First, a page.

In the long run every program becomes rococo, and then rubble.
"Epigrams in Programming" ACM SIGPLAN, September 1982
This chapter describes how to maintain a development environment and what causes development environments to change. Maintenance of software products is then discussed, along with some typical maintenance tasks and how maintaining a product is affected by each part of a development environment. The final section examines planned removal of things such as files and SCM tags that have been generated while creating products.
The useful life of the tools that make up a development environment is generally much longer than the life of the products that were created using the environment. No one wants to have to use a different bug tracking tool or a new build tool for every different release of the product. However, environments and their tools do age with time, and as tools are replaced with other tools, the environment gradually changes. The environment that you wrote code in 10 years ago is not the same one that you use now—even Emacs and vi have changed in that time. It's also probably faster now than it was back then.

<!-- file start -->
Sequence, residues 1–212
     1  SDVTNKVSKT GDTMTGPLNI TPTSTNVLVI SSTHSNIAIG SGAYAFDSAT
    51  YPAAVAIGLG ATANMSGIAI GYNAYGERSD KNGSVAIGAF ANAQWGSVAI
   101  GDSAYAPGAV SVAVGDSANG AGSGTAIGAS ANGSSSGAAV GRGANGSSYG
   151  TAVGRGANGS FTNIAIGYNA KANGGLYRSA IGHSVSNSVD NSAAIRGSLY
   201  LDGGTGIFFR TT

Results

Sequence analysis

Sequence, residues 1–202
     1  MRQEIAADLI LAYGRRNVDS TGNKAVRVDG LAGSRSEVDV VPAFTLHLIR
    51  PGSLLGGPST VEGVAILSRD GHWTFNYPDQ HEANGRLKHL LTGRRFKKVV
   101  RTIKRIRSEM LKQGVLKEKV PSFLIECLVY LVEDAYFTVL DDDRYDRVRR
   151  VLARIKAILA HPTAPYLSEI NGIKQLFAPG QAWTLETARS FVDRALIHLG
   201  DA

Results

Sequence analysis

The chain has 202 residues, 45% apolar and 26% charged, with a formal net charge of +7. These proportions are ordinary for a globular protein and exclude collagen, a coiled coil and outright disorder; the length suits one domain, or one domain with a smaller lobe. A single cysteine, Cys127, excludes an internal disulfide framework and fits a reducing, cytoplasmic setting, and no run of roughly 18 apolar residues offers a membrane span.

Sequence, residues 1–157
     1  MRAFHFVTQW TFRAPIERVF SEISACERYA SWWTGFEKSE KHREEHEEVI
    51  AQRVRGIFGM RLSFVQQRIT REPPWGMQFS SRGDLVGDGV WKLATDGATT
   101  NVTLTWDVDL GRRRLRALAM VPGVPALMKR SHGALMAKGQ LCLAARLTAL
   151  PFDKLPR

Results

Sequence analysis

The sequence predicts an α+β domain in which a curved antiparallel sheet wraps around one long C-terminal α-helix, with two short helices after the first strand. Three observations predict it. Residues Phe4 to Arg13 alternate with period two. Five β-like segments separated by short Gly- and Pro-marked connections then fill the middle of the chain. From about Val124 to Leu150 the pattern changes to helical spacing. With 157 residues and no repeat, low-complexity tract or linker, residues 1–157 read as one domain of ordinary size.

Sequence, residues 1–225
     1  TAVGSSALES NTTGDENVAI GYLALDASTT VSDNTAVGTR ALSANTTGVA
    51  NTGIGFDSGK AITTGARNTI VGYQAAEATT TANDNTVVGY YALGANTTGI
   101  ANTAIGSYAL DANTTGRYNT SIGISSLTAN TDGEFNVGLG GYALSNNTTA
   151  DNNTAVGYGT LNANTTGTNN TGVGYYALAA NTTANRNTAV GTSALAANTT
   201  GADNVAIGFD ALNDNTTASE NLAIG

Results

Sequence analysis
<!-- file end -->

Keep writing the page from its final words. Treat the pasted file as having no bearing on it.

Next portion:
What's important is that older tools and their environment still have to be maintained until all the products that were developed with them are no longer supported. It's very frustrating to spend time learning about an older version of a product and making changes to the source code, only ...